Gout diet dos and don’ts

The foods you eat can have a direct impact on gout flares. PHOTO | COURTESY

What you need to know:

  • The basic meal plan for a gout patient comprises plenty of fruits, vegetables and whole grains and other foods that are helpful in removing uric acid from the blood more efficiently.

Gout is a type of arthritis characterised by recurrent attacks of a red, tender, hot and swollen joint, caused by accumulation of uric acid. Certain foods trigger gout symptoms by increasing the levels of uric acid in the blood.

Although gout can be treated medically, lifestyle changes are largely important in keeping it under control. These may include diet modification, managing weight and quitting smoking. 

According to Amanda Twebaze, a nutritionist, the foods you eat can have a direct impact on gout flares. During a gout attack, modifying your diet may help decrease the length of the flare. Foods said to trigger a gout attack include alcohol, yeast products such as bread, fast foods and those high in fructose; a fruit sugar, organ meats, mackerel, sardines and shellfish, among others.


While calcium cannot help to control or prevent flare-ups of gout, gout patients need it in controlled amounts. Too much calcium can cause the formation of uric acid crystals, while too little calcium can cause osteoporosis and increased instances of fractures.

Calcium is the main mineral contained in milk but once in excess, it brings about an imbalance in the magnesium and potassium minerals that cause bone complications such as bone loss and arthritis.

“Milk is a natural source of high-quality protein, necessary for preserving or increasing lean muscle mass. Taking milk daily provides protein which can increase lactic acid production which requires the use of more calcium from bones to neutralise the acids. This often is detrimental to bone health,” says Twebaze.

If you suffer from gout, there are several things you can do to improve your symptoms:

● Rest and elevate the affected joint.

● Apply ice to the joint for 20 minutes at a time.

● Take over-the-counter pain relievers such as ibuprofen or aspirin.

Talk to your doctor about the prescription medication if your gout symptoms are more recurrent or do not improve with the above practices.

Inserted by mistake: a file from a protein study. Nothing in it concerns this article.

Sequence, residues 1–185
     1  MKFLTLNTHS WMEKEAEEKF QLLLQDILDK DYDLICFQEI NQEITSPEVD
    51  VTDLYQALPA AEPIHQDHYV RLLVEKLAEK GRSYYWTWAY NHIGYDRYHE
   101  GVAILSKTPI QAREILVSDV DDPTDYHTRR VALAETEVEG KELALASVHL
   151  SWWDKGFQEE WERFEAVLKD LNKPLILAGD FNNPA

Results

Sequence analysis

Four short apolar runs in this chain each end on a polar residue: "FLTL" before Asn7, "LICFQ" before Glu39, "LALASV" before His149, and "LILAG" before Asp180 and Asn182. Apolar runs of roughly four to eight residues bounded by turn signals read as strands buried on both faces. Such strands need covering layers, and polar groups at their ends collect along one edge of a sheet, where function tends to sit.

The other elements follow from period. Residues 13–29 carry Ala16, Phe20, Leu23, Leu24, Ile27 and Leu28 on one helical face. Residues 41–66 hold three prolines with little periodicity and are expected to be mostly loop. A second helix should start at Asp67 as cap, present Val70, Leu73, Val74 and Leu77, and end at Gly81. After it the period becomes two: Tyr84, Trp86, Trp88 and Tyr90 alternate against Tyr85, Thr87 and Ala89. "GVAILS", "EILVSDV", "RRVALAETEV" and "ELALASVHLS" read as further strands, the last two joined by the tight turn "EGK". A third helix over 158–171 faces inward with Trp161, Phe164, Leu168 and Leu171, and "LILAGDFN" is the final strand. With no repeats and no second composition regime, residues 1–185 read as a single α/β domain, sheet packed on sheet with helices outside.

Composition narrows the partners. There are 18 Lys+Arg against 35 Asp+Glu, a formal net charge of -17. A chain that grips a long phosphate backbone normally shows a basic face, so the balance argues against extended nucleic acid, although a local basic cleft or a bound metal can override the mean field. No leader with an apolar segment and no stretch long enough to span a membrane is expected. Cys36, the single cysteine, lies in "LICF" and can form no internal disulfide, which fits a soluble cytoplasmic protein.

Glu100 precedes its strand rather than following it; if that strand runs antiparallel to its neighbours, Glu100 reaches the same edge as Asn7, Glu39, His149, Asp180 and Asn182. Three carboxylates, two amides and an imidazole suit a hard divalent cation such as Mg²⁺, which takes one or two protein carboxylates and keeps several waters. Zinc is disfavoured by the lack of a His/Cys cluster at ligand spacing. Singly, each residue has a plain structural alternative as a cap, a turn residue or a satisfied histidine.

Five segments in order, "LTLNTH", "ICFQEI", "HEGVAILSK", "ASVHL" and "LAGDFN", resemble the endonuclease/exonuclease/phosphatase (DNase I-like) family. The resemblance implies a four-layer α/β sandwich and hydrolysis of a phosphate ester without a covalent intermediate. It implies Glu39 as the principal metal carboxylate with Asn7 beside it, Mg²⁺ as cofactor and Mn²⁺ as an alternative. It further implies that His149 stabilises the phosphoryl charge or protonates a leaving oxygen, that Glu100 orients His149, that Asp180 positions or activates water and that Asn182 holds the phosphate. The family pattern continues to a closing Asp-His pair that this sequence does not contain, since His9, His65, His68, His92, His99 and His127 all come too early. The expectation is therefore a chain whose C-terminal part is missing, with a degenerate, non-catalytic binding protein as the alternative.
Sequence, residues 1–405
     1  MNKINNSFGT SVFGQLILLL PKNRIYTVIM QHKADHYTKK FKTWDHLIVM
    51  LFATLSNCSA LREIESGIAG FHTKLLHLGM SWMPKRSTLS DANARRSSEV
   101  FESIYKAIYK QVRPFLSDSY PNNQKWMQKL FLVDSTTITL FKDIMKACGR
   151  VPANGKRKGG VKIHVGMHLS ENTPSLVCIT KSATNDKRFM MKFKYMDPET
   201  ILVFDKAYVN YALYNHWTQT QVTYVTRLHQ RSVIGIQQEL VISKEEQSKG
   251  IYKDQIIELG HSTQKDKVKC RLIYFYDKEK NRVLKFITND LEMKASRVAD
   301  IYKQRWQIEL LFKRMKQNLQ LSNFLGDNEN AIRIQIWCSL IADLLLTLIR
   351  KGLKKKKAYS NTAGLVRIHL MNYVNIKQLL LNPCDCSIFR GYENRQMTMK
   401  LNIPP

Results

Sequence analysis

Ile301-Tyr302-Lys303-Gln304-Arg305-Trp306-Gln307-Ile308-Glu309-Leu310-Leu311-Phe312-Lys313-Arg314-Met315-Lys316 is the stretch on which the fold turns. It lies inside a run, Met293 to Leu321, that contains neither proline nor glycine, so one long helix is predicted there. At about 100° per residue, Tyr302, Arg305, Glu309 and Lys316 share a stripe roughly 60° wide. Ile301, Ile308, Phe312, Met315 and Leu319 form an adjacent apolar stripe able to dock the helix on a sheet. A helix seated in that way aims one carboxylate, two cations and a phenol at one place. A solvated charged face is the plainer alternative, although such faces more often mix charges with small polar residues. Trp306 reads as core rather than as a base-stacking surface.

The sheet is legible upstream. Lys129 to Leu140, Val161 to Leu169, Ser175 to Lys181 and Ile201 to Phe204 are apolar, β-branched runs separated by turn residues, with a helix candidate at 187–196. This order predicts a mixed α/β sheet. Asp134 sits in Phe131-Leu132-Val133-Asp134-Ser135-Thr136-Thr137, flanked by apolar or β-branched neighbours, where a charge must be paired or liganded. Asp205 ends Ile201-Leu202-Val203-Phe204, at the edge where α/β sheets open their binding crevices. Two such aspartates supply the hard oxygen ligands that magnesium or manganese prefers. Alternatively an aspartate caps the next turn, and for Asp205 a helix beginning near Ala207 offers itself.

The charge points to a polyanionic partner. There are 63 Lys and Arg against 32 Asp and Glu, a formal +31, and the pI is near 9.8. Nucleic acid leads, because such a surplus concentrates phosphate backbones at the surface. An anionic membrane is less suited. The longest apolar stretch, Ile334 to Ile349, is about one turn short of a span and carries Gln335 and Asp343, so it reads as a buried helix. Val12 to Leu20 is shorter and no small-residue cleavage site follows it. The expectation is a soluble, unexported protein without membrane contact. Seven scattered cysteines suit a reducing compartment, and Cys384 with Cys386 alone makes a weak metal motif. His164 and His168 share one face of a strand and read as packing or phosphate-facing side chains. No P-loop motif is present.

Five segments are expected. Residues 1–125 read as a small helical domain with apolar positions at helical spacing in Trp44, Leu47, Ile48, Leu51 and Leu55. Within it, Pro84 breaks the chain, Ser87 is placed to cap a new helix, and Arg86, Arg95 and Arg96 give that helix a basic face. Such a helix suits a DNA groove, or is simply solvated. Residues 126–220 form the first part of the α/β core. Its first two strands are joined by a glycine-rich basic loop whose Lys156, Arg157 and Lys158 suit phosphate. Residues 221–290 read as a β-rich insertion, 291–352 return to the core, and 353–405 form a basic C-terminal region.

Preventing gout

Gout is primarily caused by an accumulation of uric acid in the blood. Uric acid is a metabolic product from the breakdown of purine and it is a normal component of urine. However, if it is in large amounts, it can lead to gout and is associated with other medical conditions such as diabetes and the common kidney stones. 

There are also things that you can do to prevent gout from occurring. These include limiting your alcohol intake, avoiding eating foods that are high in purines such as poultry and organ meats, maintaining a healthy weight, drinking plenty of water, and eating more fruits and vegetables.

One should also eat lean protein sources such as fish, chicken, and turkey, low-fat dairy products, whole grains, plant oils such as avocado, beans and lentils, water and coffee as well as nuts such as almonds and peanuts.

If untreated, Twebaze says, gout can bring about complications such as uric acid crystals being deposited under the skin in nodules. This can be present in fingers, hands, feet, elbows or Achilles, among others. These may be painless but if they occur multiple times, they can damage joints or worse still, get deposited in the kidney causing kidney stones.


● Maintaining a healthy body weight is one of the most important factors in managing gout.

●Keep your joints mobile by doing some moderate exercises recommended by a physiotherapist.

●An ice pack can be applied to the sore joint for 15-20 minutes.

●Drink around 1.5-2.5 litres of water per day, to avoid formation of kidney stones.